Foreclosure King’s Public Company Will Delist

The day after foreclosure attorney David J. Stern announced the closure of his once-powerful law firm, the publicly traded foreclosure processing company he helped create announced plans to delist from the NASDAQ stock market a little over a year after debuting.

In a filing with the Securities and Exchange Commission today, DJSP Enterprises said it will voluntarily drop out of NASDAQ exchange trading by the middle of March. Last winter, the company received notice from NASDAQ that it would be forced to delist unless the company boosted its stock price and maintained a market value of at least $15 million. DJSP’s current market capitalization is a measly $2.6 million, and its stock is hovering around 12 cents a share.

A spin-off of all the foreclosure processing operations of Stern’s law firm, DJSP’s stock opened on the NASDAQ last January at $9.25 a share, with a market capitalization of $300 million. The company’s stock then began to climb, peaking at $13.50 a share in late April 2010. But it all went south a month later, when the company disclosed that it had lost a major chunk of business from a top mortgage company. That admission directly contradicted Stern’s cheery talk about DJSP, investors said. Feeling duped, multiple investors later sued Stern for securities fraud for misrepresenting DJSP’s prospects.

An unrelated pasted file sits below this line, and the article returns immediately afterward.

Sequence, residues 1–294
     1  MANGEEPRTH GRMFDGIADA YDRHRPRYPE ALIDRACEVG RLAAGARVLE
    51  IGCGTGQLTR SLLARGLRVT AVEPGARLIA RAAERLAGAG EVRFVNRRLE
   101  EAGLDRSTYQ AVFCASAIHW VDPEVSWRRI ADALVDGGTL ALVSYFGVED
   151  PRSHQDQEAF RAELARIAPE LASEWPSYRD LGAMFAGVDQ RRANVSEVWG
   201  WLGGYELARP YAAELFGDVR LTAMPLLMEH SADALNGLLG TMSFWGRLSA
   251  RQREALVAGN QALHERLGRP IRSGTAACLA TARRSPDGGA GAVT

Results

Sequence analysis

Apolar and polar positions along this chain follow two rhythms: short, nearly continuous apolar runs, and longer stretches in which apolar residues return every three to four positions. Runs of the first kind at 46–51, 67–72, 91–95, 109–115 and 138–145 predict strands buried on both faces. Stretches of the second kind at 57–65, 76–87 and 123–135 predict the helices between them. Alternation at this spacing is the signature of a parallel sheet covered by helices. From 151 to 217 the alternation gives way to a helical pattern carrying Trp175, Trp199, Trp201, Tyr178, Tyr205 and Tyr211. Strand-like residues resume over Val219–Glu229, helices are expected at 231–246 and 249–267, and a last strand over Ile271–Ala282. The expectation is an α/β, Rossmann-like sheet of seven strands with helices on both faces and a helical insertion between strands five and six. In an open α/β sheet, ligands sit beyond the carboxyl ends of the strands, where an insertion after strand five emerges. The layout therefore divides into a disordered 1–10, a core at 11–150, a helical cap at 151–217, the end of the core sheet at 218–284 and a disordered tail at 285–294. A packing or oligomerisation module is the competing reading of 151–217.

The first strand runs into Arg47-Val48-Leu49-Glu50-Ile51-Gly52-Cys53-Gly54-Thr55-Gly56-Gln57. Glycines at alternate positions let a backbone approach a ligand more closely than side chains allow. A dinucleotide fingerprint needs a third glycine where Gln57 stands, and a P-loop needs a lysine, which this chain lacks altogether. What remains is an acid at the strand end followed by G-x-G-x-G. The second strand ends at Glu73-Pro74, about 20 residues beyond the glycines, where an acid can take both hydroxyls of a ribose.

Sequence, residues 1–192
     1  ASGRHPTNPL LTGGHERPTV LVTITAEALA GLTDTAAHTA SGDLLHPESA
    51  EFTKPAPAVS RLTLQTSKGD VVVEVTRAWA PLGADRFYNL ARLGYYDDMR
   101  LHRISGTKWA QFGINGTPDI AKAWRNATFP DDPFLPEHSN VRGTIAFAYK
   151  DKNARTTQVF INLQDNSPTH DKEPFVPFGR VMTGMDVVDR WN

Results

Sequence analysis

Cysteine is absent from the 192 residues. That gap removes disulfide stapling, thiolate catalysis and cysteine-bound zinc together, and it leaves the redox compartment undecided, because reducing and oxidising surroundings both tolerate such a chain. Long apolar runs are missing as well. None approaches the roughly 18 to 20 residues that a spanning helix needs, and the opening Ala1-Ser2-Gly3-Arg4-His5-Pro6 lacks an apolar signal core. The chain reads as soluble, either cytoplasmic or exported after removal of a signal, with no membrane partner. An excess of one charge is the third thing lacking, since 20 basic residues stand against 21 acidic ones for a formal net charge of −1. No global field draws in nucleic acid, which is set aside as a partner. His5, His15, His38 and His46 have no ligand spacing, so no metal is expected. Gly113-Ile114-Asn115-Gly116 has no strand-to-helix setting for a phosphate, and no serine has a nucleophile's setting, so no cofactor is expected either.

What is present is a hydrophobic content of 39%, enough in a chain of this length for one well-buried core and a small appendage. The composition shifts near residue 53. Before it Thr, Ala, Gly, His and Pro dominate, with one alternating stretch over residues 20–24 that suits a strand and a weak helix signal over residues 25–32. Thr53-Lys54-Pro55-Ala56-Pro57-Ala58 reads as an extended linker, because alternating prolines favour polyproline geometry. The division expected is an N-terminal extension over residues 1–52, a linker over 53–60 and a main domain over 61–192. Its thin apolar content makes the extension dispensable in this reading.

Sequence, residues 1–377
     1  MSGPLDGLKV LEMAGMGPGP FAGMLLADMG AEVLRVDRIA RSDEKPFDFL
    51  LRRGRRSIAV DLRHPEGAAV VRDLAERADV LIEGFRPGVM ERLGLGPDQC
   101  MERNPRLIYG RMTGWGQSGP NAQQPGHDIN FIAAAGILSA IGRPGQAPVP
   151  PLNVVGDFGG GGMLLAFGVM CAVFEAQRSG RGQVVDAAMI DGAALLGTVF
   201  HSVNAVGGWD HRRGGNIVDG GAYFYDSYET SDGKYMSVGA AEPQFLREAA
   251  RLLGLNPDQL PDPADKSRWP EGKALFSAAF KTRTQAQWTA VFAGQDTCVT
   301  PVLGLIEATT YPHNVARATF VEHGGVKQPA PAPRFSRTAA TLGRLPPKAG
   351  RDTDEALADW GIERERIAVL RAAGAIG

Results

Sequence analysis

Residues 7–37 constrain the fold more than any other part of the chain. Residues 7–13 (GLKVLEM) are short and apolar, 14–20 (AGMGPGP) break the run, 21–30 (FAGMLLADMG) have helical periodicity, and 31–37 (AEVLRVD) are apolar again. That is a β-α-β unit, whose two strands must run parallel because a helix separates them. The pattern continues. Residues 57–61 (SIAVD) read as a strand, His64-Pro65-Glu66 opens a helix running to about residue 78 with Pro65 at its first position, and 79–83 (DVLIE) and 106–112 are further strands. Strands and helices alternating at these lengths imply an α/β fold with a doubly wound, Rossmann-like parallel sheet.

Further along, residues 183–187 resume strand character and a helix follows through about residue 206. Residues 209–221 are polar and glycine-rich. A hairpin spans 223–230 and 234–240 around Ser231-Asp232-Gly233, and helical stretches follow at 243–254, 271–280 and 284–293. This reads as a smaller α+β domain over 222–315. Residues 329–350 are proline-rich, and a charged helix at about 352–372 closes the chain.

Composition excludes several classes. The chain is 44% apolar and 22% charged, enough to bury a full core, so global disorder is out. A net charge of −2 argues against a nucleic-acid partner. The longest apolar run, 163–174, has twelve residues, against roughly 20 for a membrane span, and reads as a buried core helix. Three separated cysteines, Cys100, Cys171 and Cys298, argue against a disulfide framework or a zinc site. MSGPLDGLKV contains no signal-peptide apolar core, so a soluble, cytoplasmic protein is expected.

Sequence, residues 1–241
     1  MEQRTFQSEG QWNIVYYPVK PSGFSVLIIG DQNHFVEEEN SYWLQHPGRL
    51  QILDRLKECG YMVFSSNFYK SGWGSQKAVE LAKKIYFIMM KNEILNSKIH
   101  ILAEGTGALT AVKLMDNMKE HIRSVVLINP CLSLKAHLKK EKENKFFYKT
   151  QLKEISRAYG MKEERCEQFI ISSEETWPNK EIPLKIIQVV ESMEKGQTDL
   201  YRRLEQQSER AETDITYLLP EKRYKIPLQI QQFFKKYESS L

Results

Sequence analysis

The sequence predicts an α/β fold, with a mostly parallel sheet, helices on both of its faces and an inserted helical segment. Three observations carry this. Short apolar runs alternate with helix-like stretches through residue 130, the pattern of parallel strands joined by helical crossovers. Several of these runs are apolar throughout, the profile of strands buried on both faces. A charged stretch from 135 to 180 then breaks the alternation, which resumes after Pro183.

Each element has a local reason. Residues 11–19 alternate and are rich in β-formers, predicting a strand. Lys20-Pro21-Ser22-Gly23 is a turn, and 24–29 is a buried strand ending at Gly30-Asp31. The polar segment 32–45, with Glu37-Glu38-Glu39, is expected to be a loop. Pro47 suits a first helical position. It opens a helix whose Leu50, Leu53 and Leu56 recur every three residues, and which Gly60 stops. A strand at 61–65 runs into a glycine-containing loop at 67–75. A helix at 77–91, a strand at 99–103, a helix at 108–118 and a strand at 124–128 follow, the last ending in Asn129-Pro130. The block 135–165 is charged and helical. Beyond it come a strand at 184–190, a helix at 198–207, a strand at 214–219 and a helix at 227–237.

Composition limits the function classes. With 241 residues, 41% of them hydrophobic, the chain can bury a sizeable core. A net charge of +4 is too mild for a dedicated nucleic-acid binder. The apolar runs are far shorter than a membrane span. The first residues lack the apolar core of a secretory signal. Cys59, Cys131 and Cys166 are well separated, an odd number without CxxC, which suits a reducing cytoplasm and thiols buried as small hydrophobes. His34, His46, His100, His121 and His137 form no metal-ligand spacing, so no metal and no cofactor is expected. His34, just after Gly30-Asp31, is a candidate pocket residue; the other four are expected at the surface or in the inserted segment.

The company’s slide only continued throughout 2010, as media reports—including my investigation into Stern’s firm, published in August—and a Florida attorney general investigation raised serious questions about the allegedly illegal practices of David Stern’s law firm, which was DJSP’s primary source of business.

DJSP’s stock could still be traded but in off-market venues, according to today’s SEC filing. Nevertheless, with the announcement that DJSP is leaving the NASDAQ—presumably before the NASDAQ forcibly delisted the company—the second pillar of Stern’s business empire has crumbled. The downfall of DJSP and the Law Offices of David J. Stern, which will shutter by month’s end, stands in stark contrast with what Stern told prospective investors just one year ago describing the ongoing foreclosure crisis: “So, yeah, we’re in the 2nd inning, but guess what? When we get to the 9th inning, it’s going to be a doubleheader and we got a second game coming.” Turns out, it’s just about game over for Stern.


Mother Jones was founded as a nonprofit in 1976 because we knew corporations and the wealthy wouldn’t fund the type of hard-hitting journalism we set out to do.

Today, reader support makes up about two-thirds of our budget, allows us to dig deep on stories that matter, and lets us keep our reporting free for everyone. If you value what you get from Mother Jones, please join us with a tax-deductible donation so we can keep on doing the type of journalism that 2018 demands.

Donate Now
  • Andy Kroll

    Andy Kroll is an investigative reporter at Mother Jones. For more of his stories, click here. Follow him on Twitter here. Send tips, scoops, and documents to akroll (at) motherjones (dot) com.